Prison Performance


Vengeance. A prison. An immersive performance. These elements combine to form an easily accessible re-envisioning of Shakespeare’s The Tempest in Margaret Atwood’s Hag-Seed.

An established play director, Felix, has been putting on interesting interpretations of classic plays for years, but when he’s suddenly forced out of his newest endeavor of The Tempest, his life gets set on a new, albeit obscure, trajectory. Living in seclusion under an assumed name, Felix begins teaching in a literacy program in the local prison where he’s able to make Shakespeare’s plays his canonical material to engage his pupils. Having had years of success in this, the program soon comes under threat of being shut down by the very people who ruined Felix’s life. With what could be the last class, Felix decides to put on his previously abandoned Tempest, with an added amount of revenge sprinkled in for good measure.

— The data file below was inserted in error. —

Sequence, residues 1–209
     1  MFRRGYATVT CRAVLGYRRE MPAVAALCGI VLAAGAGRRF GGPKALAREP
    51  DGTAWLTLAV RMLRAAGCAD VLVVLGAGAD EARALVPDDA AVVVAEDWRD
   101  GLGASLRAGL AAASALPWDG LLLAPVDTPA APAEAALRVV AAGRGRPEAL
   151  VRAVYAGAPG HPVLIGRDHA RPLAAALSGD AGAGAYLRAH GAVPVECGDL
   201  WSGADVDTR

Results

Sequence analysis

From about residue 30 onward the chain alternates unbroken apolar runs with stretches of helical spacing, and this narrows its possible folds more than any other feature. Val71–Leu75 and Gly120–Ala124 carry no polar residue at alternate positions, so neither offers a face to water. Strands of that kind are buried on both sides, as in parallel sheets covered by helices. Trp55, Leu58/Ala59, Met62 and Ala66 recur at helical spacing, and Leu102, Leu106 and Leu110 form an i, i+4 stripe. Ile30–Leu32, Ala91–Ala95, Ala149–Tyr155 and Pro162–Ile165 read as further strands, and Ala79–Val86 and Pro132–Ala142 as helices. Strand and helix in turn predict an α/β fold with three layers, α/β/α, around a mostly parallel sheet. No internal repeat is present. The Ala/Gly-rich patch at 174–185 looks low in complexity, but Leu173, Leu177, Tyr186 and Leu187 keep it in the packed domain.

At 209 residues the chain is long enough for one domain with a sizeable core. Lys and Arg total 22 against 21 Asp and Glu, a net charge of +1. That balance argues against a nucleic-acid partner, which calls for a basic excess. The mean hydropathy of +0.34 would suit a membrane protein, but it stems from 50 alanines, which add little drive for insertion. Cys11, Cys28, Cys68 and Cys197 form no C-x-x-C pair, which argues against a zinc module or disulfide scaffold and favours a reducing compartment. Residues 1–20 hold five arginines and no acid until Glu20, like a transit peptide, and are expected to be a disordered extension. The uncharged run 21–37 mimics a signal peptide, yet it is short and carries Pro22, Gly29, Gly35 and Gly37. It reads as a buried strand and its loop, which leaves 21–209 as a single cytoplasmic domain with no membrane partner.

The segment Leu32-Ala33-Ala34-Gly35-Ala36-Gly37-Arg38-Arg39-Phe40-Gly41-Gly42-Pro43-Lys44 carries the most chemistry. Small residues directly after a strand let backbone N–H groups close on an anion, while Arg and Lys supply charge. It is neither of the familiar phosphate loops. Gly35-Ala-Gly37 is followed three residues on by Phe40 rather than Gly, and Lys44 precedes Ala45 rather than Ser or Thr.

The story was able to use direct quotations from The Tempest, which provided an intriguing meta effect to the re-imagining of being a play within a play . The narrative was also able to offer some interesting interpretations of the text through the inmates’ perspectives of what happens to the characters (which I’m sure that many (future) readers will appreciate when it comes time for them to read and interpret this play for their literature classes!). I wasn’t overly impressed with the characterization of the inmates (due to the lack of it, aside from Felix’s outline of their convictions and background in a written list, the inmates felt like one big stereotyped stand-in) because it made it feel like they were purely a means to an end and not actual people with unique traits. I did, however, enjoy this version of the story more than I did the original play, but perhaps it’s because the more overt, explanatory nature of the narrative made it more accessible than the play.

Overall, I’d give it a 3.5 out of 5 stars.

*I received this book from Blogging for Books for this review.

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